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United Kingdom

Broadband's Impact

When It Comes to Telecommuting, Companies Save, But the U.S. Lags

WASHINGTON, June 28, 2011- The Telework Research Network released its report on the state of telecommuting Monday, showing that individuals who work from home are more productive than those who report to an office everyday, but that the United States has a lower percentage of workers who telecommute than its international counterparts. In the United States, many consider telecommuting a perk rather than a standard business practice, as it is in most of the rest of the world. In Canada nearly four percent of the population teleworks or workshifts regularly. In the United Kingdom, it is even higher at a little over five percent of the population. Keep Reading

Is ‘Three Strikes’ the Right Tool? Top French, British and Americans Discuss at Nov. 9 Breakfast

WASHINGTON, November 4, 2010 – The internet and intellectual property policy news and events service BroadbandBreakfast.com invites the public to its FREE November event in its Intellectual Property Breakfast Club series, “Approaches by Internet Service Providers Around the World to Copyright Infringement.” Our November 2010 panel continues the discussion about file-sharing and other forms of copyright infringement, but broadens it to the global stage, with a particular focus on the approaches of broadband providers outside the United States. What tactics have been deployed by ISPs in France and elsewhere? Will America follow suit? Keep Reading

U.K. Regulator Ofcom Moves to Allay Broadband Dissatisfaction

LONDON, August 10, 2010 – U.K. regulator Ofcom has stepped up its efforts to close the gap between headline speeds advertised by the country’s internet service providers and real performance delivered. A new survey from ISPreview, an independent online source of broadband service information, revealed that dissatisfaction among U.K. subscribers is rising despite improvements in performance. Keep Reading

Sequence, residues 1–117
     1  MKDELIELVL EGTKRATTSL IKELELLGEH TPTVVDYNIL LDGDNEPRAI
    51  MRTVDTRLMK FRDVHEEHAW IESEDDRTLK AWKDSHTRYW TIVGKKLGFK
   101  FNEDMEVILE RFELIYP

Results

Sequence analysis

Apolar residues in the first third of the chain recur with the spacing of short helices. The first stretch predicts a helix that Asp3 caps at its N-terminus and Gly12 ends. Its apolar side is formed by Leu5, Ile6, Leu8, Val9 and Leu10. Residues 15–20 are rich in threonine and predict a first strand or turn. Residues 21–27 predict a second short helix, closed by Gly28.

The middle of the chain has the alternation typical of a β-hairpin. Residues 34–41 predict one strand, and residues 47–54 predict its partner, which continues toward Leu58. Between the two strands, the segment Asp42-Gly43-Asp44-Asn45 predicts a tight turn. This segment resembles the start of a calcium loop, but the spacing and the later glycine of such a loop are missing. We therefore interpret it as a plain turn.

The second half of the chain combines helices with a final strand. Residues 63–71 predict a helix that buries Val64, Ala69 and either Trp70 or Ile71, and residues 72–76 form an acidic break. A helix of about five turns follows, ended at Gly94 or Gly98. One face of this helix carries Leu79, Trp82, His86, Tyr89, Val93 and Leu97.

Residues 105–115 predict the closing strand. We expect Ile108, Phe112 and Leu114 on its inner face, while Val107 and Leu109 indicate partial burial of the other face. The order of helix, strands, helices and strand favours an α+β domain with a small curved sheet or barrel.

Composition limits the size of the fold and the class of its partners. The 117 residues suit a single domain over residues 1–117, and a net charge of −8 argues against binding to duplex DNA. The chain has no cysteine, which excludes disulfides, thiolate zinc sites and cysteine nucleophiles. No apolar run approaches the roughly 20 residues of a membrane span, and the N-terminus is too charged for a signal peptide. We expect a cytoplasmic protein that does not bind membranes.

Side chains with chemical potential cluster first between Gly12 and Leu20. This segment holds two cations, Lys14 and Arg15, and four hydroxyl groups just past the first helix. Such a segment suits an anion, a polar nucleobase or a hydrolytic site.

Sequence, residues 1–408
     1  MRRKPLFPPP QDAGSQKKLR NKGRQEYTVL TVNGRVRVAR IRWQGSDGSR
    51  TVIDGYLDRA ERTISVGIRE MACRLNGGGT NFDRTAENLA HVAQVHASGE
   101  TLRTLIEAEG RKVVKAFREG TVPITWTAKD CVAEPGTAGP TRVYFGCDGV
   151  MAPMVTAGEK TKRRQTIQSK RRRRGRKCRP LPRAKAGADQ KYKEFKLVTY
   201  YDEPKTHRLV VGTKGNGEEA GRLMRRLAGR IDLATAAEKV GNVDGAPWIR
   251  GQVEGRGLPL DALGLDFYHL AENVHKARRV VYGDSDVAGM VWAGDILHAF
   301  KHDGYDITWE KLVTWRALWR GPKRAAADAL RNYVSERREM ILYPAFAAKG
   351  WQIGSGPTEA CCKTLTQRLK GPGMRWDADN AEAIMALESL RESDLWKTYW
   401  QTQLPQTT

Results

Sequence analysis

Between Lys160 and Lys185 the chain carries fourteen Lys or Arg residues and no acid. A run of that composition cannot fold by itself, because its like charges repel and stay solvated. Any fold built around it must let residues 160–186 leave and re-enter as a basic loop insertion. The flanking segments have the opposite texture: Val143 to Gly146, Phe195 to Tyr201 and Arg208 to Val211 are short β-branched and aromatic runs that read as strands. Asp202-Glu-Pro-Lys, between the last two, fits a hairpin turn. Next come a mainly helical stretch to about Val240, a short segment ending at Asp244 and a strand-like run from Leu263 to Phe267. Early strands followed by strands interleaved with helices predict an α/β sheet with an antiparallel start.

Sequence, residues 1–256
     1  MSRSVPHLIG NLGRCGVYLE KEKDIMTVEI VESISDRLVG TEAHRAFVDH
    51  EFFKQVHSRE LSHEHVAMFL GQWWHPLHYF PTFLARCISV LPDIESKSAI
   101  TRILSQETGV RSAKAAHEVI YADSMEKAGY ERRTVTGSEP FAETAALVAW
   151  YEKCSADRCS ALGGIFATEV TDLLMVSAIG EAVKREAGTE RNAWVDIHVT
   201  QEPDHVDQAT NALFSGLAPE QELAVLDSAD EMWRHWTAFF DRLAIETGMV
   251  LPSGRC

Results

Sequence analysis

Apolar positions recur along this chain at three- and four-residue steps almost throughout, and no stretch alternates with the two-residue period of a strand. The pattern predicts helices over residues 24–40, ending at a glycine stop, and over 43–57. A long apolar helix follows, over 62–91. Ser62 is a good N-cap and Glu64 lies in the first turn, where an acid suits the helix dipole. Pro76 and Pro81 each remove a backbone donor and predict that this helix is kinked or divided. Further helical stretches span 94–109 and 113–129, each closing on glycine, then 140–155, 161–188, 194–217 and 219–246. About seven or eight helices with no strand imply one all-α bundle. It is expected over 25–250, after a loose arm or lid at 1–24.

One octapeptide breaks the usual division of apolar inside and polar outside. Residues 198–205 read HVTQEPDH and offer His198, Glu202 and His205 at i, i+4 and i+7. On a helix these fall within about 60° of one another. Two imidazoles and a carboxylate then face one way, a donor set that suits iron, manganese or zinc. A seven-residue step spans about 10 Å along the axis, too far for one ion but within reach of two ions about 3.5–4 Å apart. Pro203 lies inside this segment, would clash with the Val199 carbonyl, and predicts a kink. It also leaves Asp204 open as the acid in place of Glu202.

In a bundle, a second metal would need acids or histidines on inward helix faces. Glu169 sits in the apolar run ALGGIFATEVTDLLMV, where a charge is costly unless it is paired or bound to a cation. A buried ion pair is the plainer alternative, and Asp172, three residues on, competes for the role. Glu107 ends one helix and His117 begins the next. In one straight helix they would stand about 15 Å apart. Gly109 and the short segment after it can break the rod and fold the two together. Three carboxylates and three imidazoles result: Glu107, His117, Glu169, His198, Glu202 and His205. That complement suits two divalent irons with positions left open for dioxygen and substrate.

United States Ranked 23rd in Broadband Development

WASHINGTON, July 26, 2010 – According to a study released last week by Strategy Analytics, the United States ranks 23rd in its development of broadband infrastructure. It places one spot beneath the United Kingdom, which recently pushed back its goal of universal access to 2015 citing funding concerns, with smaller countries such as Lithuania and Singapore ranking several spots above it. Keep Reading

UK to Push Universal Service Goal Back 3 Years

WASHINGTON July 15, 2010 - With a tightening budget the United Kingdom government has decided to push back their universal service deadline by 3 years. Last year the nation had committed to bringing 2 Megabits per second to all citizens by 2012 but will now push the deadline to 2015. Tory Culture Secretary Jeremy Hunt claimed that the plan which was developed by the Labour party was impractical giving budget constraints. Keep Reading

BBC Paints a Pretty Canvas, but Will People Buy It?

LONDON, July 9, 2010 - Project Canvas, a bold attempt to make the Internet a major medium for TV distribution, is gathering steam in the United Kingdom, led by terrestrial broadcasters BBC and ITV, along with major telecommunication companies including the largest national carrier BT. The service, which will be launched under a new brand, possibly “YouView,” in early 2011, will allow U.K. consumers to watch broadcast programs including BBC channels as well as its iPlayer catch-up service, from their televisions via the Internet. Keep Reading

Broadband May Meet Its Match During World Cup

LONDON, June 7, 2010 - Several factors are conspiring to make the 2010 football World Cup a testing time for Europe’s fixed and mobile broadband networks. The soccer tournament kicks off June 11 in South Africa. Europe has six of the world’s top eight footballing nations competing, and fanatical populations are desperate to keep up from office computers, mobile devices, home televisions or at a public venue for large-screen viewing. Keep Reading

Smart Grid

United Kingdom Defines Carbon Neutrality for the First Time

WASHINGTON, November 15, 2009 - The government of the United Kingdom defined the term “carbon neutral” this month after holding a public consultation on the subject. The Department of Energy and Climate Change, which was established in 2008, said that “carbon neutral means that – through a transparent process of calculating emissions, reducing those emissions and offsetting residual emissions – net carbon emissions equal zero.” Keep Reading

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